My sister said, "Let's go dancing.""Not a chance."
"I don't know how. I don't know how to dance."
"They give beginner's lessons at The Yellow Rose.”
"They'll have a live band to keep you on your toes."
I gave in to her begging and gathered up my spunk.
Those at the Rose were probably already drunk.
So I said, "What the heck; how hard's it gonna be?
Those guys are too busy to watch the likes of me."
In most of my endeavors, it's always been my fate,
there's some hidden truth that I didn't anticipate.
Every song had a different dance, no two were the same.
I stood with eyes popping, thinking this was insane.
"What kind of style is this?" I muttered, watching the dancing.
They were clapping and yelling,, twirling and prancing;
with thumbs hooked in pockets and fancy boots on their feet,
they shuffled, hitched and swayed to a crazy country beat.
Not dancing with one another, they formed a perfect line,
turning and bumping hips and stomping in double time.
They even did a Cha Cha,, a Charleston step or two,
Cheater's Waltz and Black Velvet, twining through.
Sister said, "Come on, let's go!" Well, it's do or die,
maybe I'll flop, maybe not. I'll never know, unless I try.
I wound up teaching beginners at West Side Senior Center,
and at local "Silver Games," became a gold medal winner!
I performed with the gang at nearby nursing homes,
in matching western costumes and sequins in our combs.
Copyright © Cona Adams | Year Posted 2014
Don Heller owned an impressive spread,
Not that far from Lindholme town,
Below the tall peaks of Idaho,
Down the road from Ed McGowan.
Ed McGowan owned half the ville,
And had two-dozen hanger-son.
Ike Raeburn owned the other half,
But had thirty men with guns.
All knew that someday blood would come,
And six-shooters would be drawn,
But Marshall Jackson, old and tired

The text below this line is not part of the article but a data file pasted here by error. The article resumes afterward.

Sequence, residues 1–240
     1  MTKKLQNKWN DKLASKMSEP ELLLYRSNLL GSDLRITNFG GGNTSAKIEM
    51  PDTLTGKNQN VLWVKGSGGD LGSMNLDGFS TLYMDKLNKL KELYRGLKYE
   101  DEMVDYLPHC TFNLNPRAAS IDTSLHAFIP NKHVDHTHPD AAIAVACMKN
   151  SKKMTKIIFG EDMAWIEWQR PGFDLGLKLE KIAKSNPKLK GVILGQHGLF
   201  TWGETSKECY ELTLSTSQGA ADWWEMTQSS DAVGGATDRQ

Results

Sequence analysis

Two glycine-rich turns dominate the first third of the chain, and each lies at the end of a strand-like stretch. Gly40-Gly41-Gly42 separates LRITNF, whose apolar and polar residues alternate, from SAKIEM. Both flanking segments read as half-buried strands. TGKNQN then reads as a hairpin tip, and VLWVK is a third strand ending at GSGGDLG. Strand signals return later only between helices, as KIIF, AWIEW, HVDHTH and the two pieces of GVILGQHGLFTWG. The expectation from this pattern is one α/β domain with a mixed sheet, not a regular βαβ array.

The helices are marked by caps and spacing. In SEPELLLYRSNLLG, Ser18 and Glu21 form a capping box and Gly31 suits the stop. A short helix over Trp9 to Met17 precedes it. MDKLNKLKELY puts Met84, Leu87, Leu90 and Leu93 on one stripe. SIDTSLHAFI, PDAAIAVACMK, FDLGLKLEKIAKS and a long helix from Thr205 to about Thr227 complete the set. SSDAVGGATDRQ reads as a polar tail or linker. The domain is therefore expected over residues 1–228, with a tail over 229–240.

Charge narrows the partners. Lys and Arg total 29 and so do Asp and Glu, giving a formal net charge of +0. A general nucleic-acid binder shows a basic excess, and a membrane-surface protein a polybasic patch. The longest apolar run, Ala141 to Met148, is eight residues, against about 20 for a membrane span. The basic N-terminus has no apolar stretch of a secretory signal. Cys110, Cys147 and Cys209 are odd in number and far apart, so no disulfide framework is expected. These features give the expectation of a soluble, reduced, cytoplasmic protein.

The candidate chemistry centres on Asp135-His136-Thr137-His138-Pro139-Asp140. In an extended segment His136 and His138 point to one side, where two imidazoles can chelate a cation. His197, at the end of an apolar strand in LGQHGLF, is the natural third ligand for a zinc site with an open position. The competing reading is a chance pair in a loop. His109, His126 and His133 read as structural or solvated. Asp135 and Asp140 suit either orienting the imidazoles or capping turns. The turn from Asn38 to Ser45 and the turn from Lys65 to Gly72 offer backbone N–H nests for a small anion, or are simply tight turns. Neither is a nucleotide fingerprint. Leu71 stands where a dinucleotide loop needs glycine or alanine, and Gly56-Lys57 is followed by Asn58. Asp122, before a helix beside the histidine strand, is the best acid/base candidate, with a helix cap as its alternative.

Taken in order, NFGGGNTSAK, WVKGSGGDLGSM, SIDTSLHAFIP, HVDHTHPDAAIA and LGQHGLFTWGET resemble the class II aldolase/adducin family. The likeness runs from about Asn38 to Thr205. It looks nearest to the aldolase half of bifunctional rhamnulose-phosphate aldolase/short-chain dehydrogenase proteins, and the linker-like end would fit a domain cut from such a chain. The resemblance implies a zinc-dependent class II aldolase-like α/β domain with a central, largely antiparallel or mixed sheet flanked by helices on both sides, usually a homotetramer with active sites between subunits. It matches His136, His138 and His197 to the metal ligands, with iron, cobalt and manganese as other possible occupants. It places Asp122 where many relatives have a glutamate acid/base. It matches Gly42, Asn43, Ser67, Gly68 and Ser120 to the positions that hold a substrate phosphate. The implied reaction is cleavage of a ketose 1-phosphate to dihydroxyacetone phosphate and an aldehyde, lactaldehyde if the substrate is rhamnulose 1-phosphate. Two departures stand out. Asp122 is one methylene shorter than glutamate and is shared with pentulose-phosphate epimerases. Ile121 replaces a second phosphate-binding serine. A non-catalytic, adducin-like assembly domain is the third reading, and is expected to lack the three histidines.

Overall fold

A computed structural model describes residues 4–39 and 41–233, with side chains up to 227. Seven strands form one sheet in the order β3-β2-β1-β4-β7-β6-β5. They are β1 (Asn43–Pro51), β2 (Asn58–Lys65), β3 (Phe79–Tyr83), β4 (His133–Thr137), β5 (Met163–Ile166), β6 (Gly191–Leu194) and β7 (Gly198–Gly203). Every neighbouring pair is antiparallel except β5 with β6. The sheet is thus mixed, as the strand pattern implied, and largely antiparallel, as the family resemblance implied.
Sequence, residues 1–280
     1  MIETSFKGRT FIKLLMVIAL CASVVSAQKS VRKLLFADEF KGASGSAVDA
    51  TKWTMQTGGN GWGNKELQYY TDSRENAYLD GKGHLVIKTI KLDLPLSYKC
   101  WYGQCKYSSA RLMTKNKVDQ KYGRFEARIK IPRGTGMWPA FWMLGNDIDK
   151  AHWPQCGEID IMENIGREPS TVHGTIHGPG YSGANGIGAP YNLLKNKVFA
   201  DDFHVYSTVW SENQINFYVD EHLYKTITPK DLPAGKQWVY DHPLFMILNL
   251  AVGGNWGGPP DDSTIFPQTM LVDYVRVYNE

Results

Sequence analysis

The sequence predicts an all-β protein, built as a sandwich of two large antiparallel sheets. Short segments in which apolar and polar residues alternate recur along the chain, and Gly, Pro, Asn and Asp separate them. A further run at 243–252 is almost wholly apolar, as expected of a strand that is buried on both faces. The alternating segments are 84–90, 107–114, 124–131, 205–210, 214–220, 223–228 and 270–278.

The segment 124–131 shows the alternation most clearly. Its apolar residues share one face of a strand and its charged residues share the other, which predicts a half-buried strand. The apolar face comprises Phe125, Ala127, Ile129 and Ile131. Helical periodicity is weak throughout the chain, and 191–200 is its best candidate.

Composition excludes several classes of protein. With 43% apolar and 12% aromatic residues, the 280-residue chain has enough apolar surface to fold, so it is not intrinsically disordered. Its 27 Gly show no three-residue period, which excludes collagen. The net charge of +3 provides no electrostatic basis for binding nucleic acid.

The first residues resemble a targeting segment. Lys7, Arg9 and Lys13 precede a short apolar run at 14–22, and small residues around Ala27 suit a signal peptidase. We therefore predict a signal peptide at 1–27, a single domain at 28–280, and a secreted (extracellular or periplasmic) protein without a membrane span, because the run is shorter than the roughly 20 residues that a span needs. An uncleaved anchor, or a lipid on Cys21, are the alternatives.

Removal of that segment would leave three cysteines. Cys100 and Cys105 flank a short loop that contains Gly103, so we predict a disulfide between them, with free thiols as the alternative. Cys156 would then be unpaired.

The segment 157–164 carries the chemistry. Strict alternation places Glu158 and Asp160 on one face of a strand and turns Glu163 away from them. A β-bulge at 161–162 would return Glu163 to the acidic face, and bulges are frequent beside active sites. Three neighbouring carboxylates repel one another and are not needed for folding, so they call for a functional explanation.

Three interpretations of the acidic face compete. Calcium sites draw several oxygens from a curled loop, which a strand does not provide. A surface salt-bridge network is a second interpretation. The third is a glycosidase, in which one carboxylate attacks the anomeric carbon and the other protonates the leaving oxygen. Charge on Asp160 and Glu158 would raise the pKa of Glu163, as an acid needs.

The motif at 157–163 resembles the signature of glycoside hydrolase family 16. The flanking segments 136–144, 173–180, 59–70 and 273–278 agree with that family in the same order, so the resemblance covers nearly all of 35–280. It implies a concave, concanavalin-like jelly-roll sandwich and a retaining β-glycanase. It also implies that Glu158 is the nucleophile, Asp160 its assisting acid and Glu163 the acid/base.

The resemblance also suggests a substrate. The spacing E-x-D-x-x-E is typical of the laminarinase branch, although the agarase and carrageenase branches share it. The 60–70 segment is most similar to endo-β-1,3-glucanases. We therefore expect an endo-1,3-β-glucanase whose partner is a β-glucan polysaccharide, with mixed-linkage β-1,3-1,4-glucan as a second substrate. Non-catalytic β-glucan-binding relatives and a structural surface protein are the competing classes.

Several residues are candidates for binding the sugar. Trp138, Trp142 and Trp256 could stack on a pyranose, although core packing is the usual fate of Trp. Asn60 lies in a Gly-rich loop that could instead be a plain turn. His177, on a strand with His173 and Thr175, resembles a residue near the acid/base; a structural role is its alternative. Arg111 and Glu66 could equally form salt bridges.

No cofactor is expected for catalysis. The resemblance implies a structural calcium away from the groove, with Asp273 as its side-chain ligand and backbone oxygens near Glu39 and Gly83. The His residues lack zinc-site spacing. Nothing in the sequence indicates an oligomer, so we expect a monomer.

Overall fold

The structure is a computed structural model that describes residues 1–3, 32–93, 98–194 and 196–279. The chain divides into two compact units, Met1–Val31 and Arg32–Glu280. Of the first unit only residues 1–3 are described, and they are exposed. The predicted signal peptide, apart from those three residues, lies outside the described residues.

Could not stop this violent dawn.
Ed and Ike threw their weight around,
Then demanded the loyalty,
Of townsfolk and of ranchers all
Who lived in the wide country.
Before long folks had taken sides,
Just trying somehow to survive,
But Dan wouldn’t be tread upon,
He said he’d sooner die!
He readied himself for a fight,
Not knowing who’d strike first.
But he paused and then had an idea
To end the pair’s blood-thirst.
He sauntered one day into town,
And sat down for a drink.
To all who’d ask he told freely
Which side he thought would win.
By day’s end the rumor ran
That McGowan he did choose.
But another claimed him Raeburn’s man,
Twas a wild mess of news.
But Ed and Ike, they would not stand
Someone siding against them,
So they both went down to Heller’s ranch,
To deal out his punishment!
As each drew near and saw the other
They raised up an angry cry!
Colts came out and roared to life,
The hot lead began to fly.
And as the bodies piled up,
As hot blood so freely spilled,
Dan sat perched with his Sharps
Upon a nearby, wooded hill.
When one would run from the carnage,
He could carefully take aim,
And whether they were Ed’s of Ike’s
Dan sent them swiftly to their graves.
And when the shirkers started falling,
Each side blamed the other gang.
They redoubled their violent efforts,
Their guns with mad rage sang!
In seven quick and hellish minutes
They tore each other apart,
And left but one man standing,
Where fifty-seven had stood at the start!
That man was old Ike Raeburn,
Desperately limping away.
So Dan he drew a bead on him,
Squeezed, and ended his days.
Dan went down to the town for Marshall,
And told him a sordid yarn,
About two gangs having it out,
While he ‘hid’ within the barn.
Marshall Jackson made his way out,
Whistled, then shook his head.
And said,”Never thought it would end like this,
But at least those thugs are dead.”
Lindholme had no trouble after that,
The Marshall saw to his job,
Hired on a younger deputy
To help him control the mob.
And Dan never had to worry again,
For as the townfolk like to say:
What fears a man who takes on fifty-plus
And lives to walk away?
Copyright © David Welch | Year Posted 2017